When we had several failed files with others negotiating, my partner and I started our own firm and now we are hands on with every file. Every person gets weekly updates, sometimes several times a week depending on the activity of the file. We have instructions on BPO's, pricing, MLS set up, we involve attorneys to review contracts, pull title but we are in charge of the files.
It sounds to me like you're working with a processor who may review contracts but not really have a vested interest in closing these deals. You have to INTERVIEW 3rd party negotiators just like anyone you would hire. My biggest questions are, how many approvals have you gotten and what is your average time from submission to approval, oh, and of course, how many have you not been able to successfully negotiate.
You don't have a good negotiation firm. that's clear.
I believe most of the 3rd party negotiation firms do not have the follow through necessary to be as successful as you.
I think you have 2 options, have an assistant negotiate them for you, that way you can see the results, you could also do it with another junior agent for some smaller portion of the commission. Or create your own negotiation firm and collect the negotiation fee from the Lenders.
I am an attorney and I do foreclosure defense work including negotiating short sales in MD, DC and VA. I have completed over 500 short sales since 2008 and I have only had about 5 not go to closing. It amazes me that real estate agents want to (1) spend the time making phone calls and chasing paperwork rather then engaging in money making activities (2) would risk the liability of being accused of the unlicensed practice of law, in particular when there is a deficiency balance that is not forgiven in the short sale (3) if a client is unhappy with the result and decides to sue, E&O insurance will not cover a real estate agent for negotiating with lenders, even if the agent calls it "facilitating." Discussing hardship, borrower financials, repayment plans, and settlement offers is not a normal and customary part of being a real estate agent. (4) is the agent going to represent the seller in mediation or try to stop a foreclosure.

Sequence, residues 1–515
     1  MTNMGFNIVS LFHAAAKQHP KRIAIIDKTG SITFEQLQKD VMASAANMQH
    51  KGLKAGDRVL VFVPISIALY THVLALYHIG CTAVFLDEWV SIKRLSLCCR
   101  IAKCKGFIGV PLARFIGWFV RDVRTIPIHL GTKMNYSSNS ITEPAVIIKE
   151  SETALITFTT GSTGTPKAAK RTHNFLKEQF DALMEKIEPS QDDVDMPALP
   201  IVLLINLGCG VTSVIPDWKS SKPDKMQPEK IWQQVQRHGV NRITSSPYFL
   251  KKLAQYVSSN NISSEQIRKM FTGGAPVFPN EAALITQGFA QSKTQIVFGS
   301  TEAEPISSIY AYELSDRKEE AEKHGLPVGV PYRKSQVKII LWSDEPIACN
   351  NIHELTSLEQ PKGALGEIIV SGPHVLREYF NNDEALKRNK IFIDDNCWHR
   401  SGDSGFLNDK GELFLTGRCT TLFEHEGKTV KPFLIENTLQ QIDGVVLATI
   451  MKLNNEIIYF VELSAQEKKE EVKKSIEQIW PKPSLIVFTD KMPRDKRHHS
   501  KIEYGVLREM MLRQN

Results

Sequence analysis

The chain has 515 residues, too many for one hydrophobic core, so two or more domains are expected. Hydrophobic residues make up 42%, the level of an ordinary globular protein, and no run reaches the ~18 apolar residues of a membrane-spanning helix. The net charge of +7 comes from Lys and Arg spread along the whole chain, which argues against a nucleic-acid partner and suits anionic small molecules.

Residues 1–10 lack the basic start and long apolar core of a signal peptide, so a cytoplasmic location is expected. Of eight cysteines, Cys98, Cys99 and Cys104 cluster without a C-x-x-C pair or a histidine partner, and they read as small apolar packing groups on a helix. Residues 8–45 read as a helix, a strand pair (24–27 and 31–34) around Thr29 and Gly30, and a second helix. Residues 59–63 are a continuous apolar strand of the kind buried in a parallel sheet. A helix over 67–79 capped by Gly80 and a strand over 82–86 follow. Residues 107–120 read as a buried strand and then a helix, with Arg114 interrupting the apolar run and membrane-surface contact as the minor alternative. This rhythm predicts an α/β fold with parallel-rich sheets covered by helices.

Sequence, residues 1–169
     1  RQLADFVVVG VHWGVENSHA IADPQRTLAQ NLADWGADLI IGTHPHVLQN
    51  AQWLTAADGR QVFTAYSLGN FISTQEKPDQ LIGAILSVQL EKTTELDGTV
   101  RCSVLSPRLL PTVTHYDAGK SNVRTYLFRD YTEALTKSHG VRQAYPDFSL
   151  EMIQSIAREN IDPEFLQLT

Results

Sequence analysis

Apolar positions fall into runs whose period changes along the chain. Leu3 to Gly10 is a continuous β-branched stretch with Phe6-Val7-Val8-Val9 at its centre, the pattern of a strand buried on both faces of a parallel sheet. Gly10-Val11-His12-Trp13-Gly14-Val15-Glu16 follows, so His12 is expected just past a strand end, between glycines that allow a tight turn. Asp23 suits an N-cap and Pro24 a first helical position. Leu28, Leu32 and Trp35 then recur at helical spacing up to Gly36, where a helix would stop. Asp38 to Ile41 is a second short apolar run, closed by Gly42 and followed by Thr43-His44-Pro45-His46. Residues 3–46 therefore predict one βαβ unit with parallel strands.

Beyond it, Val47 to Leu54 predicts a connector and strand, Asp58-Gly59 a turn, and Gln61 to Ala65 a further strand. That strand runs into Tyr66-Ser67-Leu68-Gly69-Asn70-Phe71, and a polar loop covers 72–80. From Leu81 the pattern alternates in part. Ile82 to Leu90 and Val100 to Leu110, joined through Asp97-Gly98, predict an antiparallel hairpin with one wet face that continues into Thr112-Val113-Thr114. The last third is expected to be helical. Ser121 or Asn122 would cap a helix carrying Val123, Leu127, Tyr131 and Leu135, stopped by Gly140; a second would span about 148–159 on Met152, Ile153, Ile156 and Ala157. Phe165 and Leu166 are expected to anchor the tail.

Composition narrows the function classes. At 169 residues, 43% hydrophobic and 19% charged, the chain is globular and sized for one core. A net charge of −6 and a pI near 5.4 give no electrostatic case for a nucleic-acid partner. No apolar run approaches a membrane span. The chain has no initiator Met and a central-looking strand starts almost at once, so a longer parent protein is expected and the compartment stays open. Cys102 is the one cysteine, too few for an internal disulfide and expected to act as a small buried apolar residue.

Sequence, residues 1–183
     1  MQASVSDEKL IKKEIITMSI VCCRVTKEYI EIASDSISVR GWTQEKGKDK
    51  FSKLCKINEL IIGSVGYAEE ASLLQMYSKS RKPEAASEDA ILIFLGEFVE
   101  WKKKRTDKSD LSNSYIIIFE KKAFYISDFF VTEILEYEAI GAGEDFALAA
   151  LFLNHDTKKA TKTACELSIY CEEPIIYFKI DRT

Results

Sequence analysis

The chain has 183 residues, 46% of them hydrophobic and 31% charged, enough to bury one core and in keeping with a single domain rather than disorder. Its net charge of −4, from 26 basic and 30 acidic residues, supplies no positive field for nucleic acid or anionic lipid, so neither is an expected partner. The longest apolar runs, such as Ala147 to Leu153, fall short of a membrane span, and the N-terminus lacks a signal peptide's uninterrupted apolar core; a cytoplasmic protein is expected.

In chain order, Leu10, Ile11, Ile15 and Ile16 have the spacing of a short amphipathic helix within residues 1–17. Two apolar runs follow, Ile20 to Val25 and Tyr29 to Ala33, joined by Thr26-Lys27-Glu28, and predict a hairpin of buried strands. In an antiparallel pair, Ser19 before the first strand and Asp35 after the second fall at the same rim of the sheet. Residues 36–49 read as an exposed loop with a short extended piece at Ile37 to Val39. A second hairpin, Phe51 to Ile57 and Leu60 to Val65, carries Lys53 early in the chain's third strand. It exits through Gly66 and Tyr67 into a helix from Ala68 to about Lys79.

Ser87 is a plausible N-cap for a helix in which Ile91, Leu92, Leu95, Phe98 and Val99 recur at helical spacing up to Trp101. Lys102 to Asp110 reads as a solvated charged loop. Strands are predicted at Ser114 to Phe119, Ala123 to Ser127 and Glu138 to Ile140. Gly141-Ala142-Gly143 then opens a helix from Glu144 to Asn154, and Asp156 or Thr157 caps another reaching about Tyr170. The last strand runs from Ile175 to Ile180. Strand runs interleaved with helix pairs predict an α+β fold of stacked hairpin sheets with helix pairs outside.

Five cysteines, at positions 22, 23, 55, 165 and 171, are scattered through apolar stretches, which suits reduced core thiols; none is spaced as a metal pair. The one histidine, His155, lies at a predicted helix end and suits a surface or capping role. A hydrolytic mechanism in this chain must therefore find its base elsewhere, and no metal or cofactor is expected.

My firm as involved with the foreclosure prevention project here in Maryland, we have all worked in weekend workshops with homeowners going over their documents and trying to determine the best options. If you want to protect the rights of your seller, the best thing you can do for them as a real estate agent is to refer them to an attorney if they are behind on their mortgage. The banks are being sued, the brokers are being sued, you do not want to be next.